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samurai population was by no means equal. While samurai to the total population is roughly samurai ratio of about 40 per cent. The economic burden in such samurai kept living on the land - the gōshi (village samurai), samurai were ranked according to a meticulous hierarchy was also the basis on samurai who, as samurai were much more numerous than their West­

the average number of estimated at 6 to 7 per cent, Satsuma, as an extreme case, had a cases was of course heavy indeed, though a certain proportion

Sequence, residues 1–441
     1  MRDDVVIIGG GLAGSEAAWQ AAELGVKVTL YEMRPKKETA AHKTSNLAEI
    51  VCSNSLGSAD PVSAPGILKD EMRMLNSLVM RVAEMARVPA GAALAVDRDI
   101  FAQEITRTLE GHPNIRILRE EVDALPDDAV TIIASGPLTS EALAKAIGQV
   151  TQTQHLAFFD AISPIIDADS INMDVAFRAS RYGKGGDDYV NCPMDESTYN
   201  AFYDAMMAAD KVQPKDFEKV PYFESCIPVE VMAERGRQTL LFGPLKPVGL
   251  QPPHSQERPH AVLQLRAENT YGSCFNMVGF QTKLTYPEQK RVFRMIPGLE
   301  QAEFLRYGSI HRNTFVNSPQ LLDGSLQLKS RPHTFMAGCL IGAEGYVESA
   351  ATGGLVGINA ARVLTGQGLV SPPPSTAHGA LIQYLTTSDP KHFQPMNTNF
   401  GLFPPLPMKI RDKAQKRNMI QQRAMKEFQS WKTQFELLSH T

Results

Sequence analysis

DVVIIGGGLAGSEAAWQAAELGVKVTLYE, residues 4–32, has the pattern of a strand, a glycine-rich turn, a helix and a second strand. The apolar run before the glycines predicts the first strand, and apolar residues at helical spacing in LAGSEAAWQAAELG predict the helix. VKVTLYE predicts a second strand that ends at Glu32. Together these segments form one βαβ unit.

The village, which consisted of owner peasants as well as semiserfs, tenants, and increasingly also landless labourers, was organ­ ised in the so-called 'five-men-groups' consisting of several families of owners with joint responsibility not only for the tax deliveries but also for the general social and moral behaviour of their members. The father and head of the owner-family had dictatorial powers over his family and thus constituted the last link in a rigidly hierarchical and authoritarian structure where orders from above were strictly enforced, all backed up by tradi­ tion and Confucian precepts. Deviants and offenders could be harshly punished, ostracism and expulsion being among the most severe sanctions. The bakufu (and the daimyō imitated it) issued meticulously detailed decrees prescribing what a peasant could wear, how he could build his house, what furnishings he could use, and even what he could eat - all this in order to keep peasants from consuming too much of the produce of their land.